Many of us know that the Church will shortly enter into a time of great persecution. The powers of evil, both seen and unseen, which hate the one, true, holy, Catholic, and apostolic Church will have their day. God is allowing these forces to purify the Church, to cleanse the tares out of the wheat. For over one-hundred years, saints have shared this knowledge with us. More recently, Our Lady of Akita has warned us of a great catastrophe which will envelope the earth. Our Lady’s warning included hope that if the faithful pray, these tragedies could be avoided.
However, people are not praying, because they have lulled themselves to sleep, or because they are so full of anxiety, they do not want to face the coming reality.
Some in the past lived under the growing cloud of persecution and responded by moving from those countries where their people were to be targeted for death. Sadly, most of the western countries now lack freedom of religious expression to the point where it is in those very nations which opened their doors to Catholics and Jews, for example, in the past, no longer exist as welcoming ports.
It is in the nations where Christianity was born and thrived in ancient times that the persecution now rages. It is in the nations where the missionaries spread the Gospel to your people and mine that the persecution will be enshrined in law. This all happened before, in England, under Henry VIII and his daughter, Elizabeth I, as well as under other kings. Persecution occurred in Germany, during decades of wars between Protestants and Catholics. Saints and martyrs dot the landscape of history with their witness and blood.
In the New World, persecution will come soon. Again, such times of tribulation, as in Mexico, will result in martyrdom, especially of priests and religious.
What Catholics do not examine are the millions of their own brethren who were not saints while on earth and who did not become martyrs, but apostatised, or worse, aided in the persecution of the saints. Great Britain’s history, marred by collusion and those becoming wealthy, given the lands and buildings of the monasteries, still has laws on the books pertaining to persecution, as common law nations do not have a written constitution, as in the States, but build up laws, by consent. Only some of the laws against Catholics have been abrogated by laws, but not all.
The vast majority of Catholics in Great Britain fell away. So, too, did the majority of Catholics in certain parts of Germany, making Protestant enclaves under certain kings and dukes. The vast majority of Catholics in the Middle East, the cradle of Catholicism, were either killed by the Muslim wars, or fled to Catholic countries. And, so on.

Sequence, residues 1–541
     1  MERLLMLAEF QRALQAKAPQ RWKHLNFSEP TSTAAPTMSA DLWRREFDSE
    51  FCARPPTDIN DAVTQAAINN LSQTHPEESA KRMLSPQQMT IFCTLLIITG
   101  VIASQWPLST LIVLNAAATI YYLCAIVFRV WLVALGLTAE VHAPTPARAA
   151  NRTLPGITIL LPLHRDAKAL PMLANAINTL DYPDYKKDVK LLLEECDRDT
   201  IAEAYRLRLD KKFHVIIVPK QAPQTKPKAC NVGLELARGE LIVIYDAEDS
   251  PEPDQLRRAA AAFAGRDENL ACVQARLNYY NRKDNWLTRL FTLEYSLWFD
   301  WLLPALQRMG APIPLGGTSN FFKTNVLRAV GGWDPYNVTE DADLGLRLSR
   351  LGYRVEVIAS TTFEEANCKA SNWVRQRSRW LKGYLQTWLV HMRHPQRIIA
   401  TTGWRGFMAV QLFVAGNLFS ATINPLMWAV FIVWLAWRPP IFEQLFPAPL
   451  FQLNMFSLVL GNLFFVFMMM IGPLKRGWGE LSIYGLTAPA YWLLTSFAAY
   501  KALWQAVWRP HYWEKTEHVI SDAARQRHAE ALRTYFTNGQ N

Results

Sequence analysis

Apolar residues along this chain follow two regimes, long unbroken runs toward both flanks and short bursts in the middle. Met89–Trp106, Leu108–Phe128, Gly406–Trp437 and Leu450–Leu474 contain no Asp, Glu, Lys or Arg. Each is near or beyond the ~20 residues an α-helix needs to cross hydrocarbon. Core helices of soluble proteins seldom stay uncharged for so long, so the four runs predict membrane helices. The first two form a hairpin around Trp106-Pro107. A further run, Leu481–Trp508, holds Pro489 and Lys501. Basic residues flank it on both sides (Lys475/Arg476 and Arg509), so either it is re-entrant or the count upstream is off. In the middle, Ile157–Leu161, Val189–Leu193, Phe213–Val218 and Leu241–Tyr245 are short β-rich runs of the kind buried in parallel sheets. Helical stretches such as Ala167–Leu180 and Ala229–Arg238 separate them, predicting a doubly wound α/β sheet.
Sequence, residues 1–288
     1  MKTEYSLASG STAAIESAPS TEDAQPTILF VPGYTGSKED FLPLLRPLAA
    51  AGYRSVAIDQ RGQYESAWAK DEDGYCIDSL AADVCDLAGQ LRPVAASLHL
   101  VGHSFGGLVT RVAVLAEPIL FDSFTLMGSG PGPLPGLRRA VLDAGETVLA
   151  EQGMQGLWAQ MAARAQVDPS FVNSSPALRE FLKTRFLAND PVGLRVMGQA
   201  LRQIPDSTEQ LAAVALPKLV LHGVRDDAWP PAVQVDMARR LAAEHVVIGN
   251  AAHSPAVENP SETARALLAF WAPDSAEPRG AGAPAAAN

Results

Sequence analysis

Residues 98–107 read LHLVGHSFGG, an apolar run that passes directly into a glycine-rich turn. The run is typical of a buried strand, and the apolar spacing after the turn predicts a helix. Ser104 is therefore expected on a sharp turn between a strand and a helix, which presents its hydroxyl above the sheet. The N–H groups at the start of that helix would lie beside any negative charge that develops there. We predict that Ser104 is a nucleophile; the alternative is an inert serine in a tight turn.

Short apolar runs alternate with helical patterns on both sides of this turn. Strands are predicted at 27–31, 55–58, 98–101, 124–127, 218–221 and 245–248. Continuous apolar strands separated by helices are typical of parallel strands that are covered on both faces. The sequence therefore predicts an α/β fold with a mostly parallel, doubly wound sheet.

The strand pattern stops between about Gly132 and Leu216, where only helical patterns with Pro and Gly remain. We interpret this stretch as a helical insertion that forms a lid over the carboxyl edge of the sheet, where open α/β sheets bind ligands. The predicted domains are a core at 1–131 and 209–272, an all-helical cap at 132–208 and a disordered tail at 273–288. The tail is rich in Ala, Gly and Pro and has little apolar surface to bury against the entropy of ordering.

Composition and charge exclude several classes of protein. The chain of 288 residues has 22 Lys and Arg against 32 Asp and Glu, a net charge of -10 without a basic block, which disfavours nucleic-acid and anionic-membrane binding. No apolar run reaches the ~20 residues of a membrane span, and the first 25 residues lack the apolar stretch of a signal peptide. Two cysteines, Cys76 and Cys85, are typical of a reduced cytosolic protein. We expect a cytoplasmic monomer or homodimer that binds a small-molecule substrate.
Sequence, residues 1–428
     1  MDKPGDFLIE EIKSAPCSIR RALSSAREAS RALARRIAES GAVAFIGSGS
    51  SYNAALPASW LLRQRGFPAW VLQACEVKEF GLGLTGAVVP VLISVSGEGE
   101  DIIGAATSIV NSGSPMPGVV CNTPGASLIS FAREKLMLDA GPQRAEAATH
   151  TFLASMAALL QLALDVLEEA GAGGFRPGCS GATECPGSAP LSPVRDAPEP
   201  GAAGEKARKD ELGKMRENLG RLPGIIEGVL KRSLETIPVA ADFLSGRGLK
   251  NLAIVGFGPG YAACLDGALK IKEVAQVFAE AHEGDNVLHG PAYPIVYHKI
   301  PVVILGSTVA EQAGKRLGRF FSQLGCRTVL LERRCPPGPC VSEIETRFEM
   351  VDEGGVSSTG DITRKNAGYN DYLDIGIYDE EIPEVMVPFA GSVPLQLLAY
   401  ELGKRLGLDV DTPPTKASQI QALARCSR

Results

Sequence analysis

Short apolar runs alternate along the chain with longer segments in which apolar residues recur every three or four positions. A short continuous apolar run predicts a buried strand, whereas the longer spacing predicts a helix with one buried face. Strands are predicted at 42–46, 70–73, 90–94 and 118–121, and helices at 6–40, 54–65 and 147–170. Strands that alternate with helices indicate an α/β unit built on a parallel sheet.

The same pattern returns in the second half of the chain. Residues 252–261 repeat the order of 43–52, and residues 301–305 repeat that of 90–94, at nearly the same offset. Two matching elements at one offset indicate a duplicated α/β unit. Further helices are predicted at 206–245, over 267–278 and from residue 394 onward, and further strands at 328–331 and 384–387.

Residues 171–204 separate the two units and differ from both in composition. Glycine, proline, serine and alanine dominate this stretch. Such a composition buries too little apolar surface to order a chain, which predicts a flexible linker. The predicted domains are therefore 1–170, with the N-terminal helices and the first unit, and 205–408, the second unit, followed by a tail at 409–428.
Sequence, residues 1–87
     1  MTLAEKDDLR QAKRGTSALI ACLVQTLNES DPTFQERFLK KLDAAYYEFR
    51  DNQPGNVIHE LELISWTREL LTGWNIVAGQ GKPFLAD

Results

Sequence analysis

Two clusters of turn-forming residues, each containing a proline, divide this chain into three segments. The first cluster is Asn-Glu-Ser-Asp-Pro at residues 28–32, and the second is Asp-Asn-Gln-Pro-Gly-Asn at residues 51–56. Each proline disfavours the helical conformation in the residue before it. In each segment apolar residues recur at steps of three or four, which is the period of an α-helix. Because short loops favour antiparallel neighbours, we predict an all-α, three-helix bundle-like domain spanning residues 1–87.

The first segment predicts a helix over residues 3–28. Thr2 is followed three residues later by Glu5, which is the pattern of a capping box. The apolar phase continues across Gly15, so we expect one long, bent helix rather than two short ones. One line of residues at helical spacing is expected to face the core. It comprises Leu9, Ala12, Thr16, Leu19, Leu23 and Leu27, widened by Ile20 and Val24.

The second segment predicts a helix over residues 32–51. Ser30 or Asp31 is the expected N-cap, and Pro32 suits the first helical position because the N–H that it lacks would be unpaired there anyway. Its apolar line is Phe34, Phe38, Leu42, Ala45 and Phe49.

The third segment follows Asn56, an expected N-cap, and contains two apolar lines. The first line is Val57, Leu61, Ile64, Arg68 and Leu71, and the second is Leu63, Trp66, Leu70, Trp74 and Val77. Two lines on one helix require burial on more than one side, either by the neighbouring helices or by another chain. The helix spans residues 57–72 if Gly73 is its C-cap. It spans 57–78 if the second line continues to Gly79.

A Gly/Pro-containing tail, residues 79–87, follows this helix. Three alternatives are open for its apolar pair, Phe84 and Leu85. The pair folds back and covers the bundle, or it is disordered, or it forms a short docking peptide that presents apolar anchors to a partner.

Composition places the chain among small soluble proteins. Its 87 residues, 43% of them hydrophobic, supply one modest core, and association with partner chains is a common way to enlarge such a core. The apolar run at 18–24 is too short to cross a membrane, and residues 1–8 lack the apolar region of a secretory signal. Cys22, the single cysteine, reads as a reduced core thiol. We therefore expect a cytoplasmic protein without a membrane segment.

However, the greatest tragedy is not martyrdom or heroic virtue of fortitude while living under persecution.
The two greatest tragedies are, in my mind, the following.
The first is the apostasy of the majority of Catholics and their collusion with the powers of persecution.
The second is the dying of charity among practicing Catholics, unwilling to be open in helping those who are persecuted.
The first is a sin of commission, while the second is a sin of omission, and both sins lead to hell.
Recently, I met a woman who lived her entire life under the rule of the former Soviet Union, in a nation which had been taken over by the communists. She was old enough to have had some Catholic teaching as a child, and to have had the ability to get to Mass, until this particular nation was gobbled up by the Soviets. She told me she had to make a decision. She had to give up going to Mass on Sunday for twenty years in order to keep her job. Her husband died young and she was left for several children. Her decision was to work, as those who went to Church on Sunday lost their jobs immediately when the spies reported this event to the police. Her faith collided with the powers of evil. She chose to work and feed her children. However, others chose differently. Some chose to take their children to Mass and face either deportation to Siberia or death by starvation. This woman, now a practicing Catholic, has one child who is practicing. Of course, this state of affairs is common in families which have not been persecuted. One wonders if the other children would have kept their smouldering faith if their mother had chosen the route of suffering, instead of the path of less resistance.